The great American job machine exercised its muscles in February, adding 678,000 jobs, well-exceeding projections, according to the Labor Department on Friday.
Furthermore, the jobless rate fell to 3.8 percent, close to the pre-pandemic low of 3.5 percent. Gains were seen in businesses ranging from leisure and hospitality to health care and construction. The economy appears to have weathered the effects of the coronavirus’s omicron version.
“Since I took office, the economy has created 7.4mn jobs. That’s 7.4mn jobs providing families with dignity and a little more breathing room. We are building a better America,” US president Joe Biden said in a statement after the numbers were released.
The number of people who are not in the labor force and are looking for jobs has decreased to 5.4 million. It reached a new high of 3.5 percent in February 2020. Staffing companies say that, with nearly 11 million current job opportunities, demand for both flexible and permanent labor is increasing across virtually all occupations.
The ASA Staffing Index reached a new all-time high in February, and we now anticipate that labor supply shortages will persist into 2022 and beyond. These shortages, along with unprecedented numbers of personnel resignations, are stifling both corporate and broader economic growth. There is evidence that this is happening.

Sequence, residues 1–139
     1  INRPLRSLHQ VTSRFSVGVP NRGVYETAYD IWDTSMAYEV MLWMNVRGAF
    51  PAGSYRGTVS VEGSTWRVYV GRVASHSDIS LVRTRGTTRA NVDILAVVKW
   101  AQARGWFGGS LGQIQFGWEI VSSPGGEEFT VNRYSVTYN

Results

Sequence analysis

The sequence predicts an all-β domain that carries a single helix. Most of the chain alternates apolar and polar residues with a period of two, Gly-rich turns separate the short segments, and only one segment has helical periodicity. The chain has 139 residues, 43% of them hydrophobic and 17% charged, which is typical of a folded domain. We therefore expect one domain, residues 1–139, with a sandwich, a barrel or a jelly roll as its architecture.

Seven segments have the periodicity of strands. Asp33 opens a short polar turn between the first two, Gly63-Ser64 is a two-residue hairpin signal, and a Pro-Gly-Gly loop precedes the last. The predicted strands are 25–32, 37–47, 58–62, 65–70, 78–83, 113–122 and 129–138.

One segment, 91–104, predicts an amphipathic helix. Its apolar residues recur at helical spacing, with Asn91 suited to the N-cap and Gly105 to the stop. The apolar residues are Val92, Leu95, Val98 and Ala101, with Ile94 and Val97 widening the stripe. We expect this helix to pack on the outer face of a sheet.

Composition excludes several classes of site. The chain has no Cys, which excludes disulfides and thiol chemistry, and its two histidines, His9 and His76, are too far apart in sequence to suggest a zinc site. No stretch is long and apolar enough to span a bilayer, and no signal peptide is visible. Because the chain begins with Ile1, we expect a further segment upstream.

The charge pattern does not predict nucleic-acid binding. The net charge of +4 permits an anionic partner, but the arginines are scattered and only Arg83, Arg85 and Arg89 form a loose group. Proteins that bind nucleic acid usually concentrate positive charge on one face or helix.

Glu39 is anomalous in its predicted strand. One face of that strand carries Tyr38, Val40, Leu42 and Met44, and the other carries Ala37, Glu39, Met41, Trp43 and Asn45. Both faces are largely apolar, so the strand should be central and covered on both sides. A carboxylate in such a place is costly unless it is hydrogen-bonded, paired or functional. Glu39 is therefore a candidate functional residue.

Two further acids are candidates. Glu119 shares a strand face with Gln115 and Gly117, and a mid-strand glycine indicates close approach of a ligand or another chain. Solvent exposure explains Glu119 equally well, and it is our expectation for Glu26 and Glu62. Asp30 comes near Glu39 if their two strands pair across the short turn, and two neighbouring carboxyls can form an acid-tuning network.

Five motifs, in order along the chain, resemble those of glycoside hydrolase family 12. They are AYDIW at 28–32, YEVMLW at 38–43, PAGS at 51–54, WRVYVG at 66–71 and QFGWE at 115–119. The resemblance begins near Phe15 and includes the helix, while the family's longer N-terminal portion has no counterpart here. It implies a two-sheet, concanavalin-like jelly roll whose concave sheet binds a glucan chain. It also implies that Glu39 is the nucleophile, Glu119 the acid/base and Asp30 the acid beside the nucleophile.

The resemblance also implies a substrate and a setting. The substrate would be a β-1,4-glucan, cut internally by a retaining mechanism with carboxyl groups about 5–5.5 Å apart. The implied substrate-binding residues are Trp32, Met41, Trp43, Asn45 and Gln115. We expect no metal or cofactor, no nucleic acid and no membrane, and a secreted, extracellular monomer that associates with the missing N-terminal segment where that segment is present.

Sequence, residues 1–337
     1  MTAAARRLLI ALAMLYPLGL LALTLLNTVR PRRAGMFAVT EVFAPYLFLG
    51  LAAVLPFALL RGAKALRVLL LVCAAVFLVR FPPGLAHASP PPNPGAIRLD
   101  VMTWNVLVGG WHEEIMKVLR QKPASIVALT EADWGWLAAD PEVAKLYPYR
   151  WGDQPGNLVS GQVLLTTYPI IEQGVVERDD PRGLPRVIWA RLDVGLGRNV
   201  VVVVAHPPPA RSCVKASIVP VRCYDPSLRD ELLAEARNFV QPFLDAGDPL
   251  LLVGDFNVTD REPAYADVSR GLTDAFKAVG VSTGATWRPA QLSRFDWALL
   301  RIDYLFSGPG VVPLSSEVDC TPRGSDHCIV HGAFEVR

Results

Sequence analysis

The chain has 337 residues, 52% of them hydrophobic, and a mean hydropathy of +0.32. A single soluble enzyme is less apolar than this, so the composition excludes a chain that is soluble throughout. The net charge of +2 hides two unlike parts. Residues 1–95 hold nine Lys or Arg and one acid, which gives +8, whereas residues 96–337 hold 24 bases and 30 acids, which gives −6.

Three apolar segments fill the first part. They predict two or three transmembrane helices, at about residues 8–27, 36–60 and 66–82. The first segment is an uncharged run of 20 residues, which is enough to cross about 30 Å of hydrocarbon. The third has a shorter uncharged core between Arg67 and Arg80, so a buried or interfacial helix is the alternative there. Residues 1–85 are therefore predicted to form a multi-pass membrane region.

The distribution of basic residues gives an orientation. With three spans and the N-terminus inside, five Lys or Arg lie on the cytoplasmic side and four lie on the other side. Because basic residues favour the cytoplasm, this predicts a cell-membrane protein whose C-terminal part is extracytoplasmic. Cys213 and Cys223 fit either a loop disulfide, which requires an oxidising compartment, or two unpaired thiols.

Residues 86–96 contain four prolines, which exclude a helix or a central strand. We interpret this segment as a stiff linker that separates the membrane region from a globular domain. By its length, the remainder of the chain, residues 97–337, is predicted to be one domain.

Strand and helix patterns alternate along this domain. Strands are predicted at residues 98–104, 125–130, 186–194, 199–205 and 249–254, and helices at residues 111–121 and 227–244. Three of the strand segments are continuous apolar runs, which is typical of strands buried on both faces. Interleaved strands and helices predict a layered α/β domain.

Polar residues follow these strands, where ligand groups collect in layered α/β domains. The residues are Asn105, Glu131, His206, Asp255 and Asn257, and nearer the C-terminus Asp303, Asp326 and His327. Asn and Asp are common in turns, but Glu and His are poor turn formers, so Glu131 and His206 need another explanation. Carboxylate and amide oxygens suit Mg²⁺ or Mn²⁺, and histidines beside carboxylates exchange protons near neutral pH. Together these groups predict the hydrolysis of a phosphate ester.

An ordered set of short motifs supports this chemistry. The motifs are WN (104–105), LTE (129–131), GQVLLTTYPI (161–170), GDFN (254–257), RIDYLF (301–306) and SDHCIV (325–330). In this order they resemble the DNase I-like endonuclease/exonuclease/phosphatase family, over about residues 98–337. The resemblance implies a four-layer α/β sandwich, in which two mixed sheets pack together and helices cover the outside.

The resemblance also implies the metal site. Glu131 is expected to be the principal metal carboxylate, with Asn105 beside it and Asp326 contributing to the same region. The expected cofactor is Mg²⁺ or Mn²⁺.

The ISM services index declined 3.4 points to 56.5 in February, while business activity slowed 4.8 points to 55.1, according to Wells Fargo economists Tim Quinlan and Shannon Seery, who wrote on Thursday. This is the slowest rate of growth in business activity since the economy first emerged from pandemic-era lockdowns in May 2020.
In testimony to Congress this week, Federal Reserve Chairman Jerome Powell noted the solid labor market as one aspect of the economy, adding that the central bank is set to raise interest rates by 25 basis points at its meeting in mid-March. Analysts expect it will start a series of rate hikes later this year.
“The big fear for the Fed is that inflation is spreading out,” beyond goods and into the services sector, says Raymond James Chief Economist Scott Brown.
The war in Ukraine looms over all of this, with Russia’s economy in shambles and oil prices exceeding $110 per barrel. This is contributing to the rise in inflation, as does a job market that is extremely tight – particularly for specific occupations.
There are currently 11.9 million jobs available in our country, with only four roles accounting for 14 percent of all jobs advertised in February: nurses, software/app developers, other IT tech roles, and drivers. For the first time since the onset of the crisis, IT and tech jobs are in more demand than drivers and logistics workers.
Making sure individuals have the skills they need for the jobs that will be created as a result of the pandemic will be vital to ensuring that everyone benefits from the recovery. Short-term US Treasury yields fell marginally after the news, as traders bet that the flat average hourly earnings number would keep the Fed on pace for a quarter-point increase in interest rates later this month. US markets fell as investors focused on the Ukraine-Russia conflict.
“The jobs report was stellar, but the market is in the middle of this geopolitical flight-to-quality rally,” said Subadra Rajappa, head of US rates strategy at Société Générale. “If it weren’t for the geopolitical risk, you would have seen a much bigger reaction in the market.”
Legal Disclaimer: This article is provided for information purposes only.